This will be an incomplete write-up.
For now at least.
A couple of students were killed this past Friday. One stumbled out of a bar drunk and tried to cross a highway, and was fatally hit. Several hours later in the morning, a freshman committed suicide by hanging himself in his dorm’s bathroom. My 443 class had a discussion on the particulars and concerns surrounding these deaths that took up two-thirds of our class time.
Now, although these deaths happened in close proximity to one another, and it was only the third week, it didn’t really phase me. Freshmen die on and off our campus (and elsewhere) senselessly each year. But what got me was this discussion in which the floodgates seemed to have exploded. One by one, my upperclassmen started fessing up to serious anxieties and pressures that they have faced and are continuing to struggle with in college. A woman I took a Shakespeare class with during Maymester, a very beautiful, calm yet strong-spoken one around my age said that CCU was her third college, and she is juggling three jobs with a full course load (about 15 credits). She said that she has never been able to “fully adjust” to her schedules each semester and wonders how she got this far. Another student, visibly much older than her but is in college for the first time, remarked about the stress that she experienced in trying to balance her personal life and homework. A third and painful testimony came from a woman who spoke of how her sister was pressured by her dad to go to a school that didn’t have her dream major but gave her a full ride. This woman then went on to stress that it’s the result of people telling us that we need to go to college to get a job, and we mount a heap of debt as a result, and we find that what we’re studying isn’t what we really want to do – pressure shoving us into conformity and grueling defeat.
It pains me to know that my upperclassmen still struggle with balancing their personal, professional and academic lives – those that are graduating seniors like me! I couldn’t believe that unlike me, there were still some that didn’t learn how to cut out negative influences in their cipher, take pride and self-respect in what they love and are passionate about doing, and take life one day, one step, one moment at a time.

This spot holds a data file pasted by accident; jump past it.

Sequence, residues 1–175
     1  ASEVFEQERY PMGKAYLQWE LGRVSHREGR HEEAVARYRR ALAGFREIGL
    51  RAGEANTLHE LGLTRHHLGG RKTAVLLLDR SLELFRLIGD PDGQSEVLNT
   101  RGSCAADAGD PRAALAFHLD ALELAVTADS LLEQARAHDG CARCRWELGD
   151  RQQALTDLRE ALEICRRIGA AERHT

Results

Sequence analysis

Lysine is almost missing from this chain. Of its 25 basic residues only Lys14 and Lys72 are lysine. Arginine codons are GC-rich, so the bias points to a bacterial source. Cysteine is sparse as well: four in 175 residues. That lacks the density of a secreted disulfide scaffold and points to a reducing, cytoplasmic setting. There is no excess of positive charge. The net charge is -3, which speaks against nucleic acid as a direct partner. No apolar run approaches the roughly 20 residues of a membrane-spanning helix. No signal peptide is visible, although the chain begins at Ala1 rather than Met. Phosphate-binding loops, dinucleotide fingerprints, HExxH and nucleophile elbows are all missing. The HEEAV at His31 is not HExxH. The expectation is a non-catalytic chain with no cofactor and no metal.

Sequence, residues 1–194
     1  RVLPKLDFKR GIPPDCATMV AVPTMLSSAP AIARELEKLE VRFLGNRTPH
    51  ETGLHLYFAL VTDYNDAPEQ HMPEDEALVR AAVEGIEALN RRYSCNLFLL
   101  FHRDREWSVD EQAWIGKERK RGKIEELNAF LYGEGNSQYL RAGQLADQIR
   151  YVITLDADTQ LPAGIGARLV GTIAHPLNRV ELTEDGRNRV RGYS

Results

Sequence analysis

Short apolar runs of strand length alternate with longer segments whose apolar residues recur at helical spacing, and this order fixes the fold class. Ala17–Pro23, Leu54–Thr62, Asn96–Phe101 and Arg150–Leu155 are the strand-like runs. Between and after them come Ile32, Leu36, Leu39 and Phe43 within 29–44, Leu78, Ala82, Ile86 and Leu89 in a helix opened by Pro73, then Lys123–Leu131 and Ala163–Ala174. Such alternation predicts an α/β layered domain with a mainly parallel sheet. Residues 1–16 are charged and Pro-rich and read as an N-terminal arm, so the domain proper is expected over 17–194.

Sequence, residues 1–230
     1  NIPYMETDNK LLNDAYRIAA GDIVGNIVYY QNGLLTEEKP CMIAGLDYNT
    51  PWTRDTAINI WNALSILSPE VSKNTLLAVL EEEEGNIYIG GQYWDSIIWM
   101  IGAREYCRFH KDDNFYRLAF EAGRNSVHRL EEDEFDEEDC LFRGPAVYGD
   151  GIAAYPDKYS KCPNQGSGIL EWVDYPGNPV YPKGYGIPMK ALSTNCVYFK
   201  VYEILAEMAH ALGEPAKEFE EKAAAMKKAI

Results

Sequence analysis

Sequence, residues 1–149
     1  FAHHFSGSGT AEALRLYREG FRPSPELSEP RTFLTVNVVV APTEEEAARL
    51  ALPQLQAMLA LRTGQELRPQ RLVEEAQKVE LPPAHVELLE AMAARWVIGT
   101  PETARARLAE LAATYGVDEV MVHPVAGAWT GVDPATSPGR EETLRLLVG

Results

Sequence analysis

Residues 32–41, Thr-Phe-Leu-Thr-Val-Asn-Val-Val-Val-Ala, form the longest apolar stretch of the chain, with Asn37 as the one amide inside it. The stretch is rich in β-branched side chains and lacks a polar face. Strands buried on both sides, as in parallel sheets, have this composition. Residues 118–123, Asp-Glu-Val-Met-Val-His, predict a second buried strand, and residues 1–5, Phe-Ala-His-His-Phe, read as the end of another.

Not to mention where to place your identity, security, complete trust and faith in. I could tell that the woman who spoke about her sister didn’t know where she could place these things, and find freedom and truth.
Because where the spirit of the Lord is, there is liberty.
The same woman, in class this morning opened up to try to convince the class – during a discussion about whether chastity as a learned behavior or natural (in the Victorian era it was a learned trait in women) – that virginity didn’t exist. To her, virginity was an invention with the purpose of oppressing women and keep society under control, and to back up her argument, she insisted that there was “evidence” to prove that this was true, and that we should “go look it up.”
To not follow up this argument was a wise thing, a smart thing, and a hurting thing, because I was heartbroken. Heartbroken that we as a people are starving from and for the lies we eat.
While on the way to work, I shared some words on a post-it note for fellow bus passengers..
“ For the hope which is laid up for you in heaven, whereof ye heard before in the word of the truth of the gospel; Which is come unto you, as it is in all the world; and bringeth forth fruit, as it doth also in you, since the day ye heard of it, and knew the grace of God in truth:”
That’s Colossians 1:5-6. I’ve started a personal assignment to share the word with strangers through post-its. Because people need to know the living, breathing, redeeming, restoring, life-saving, and life-giving truth.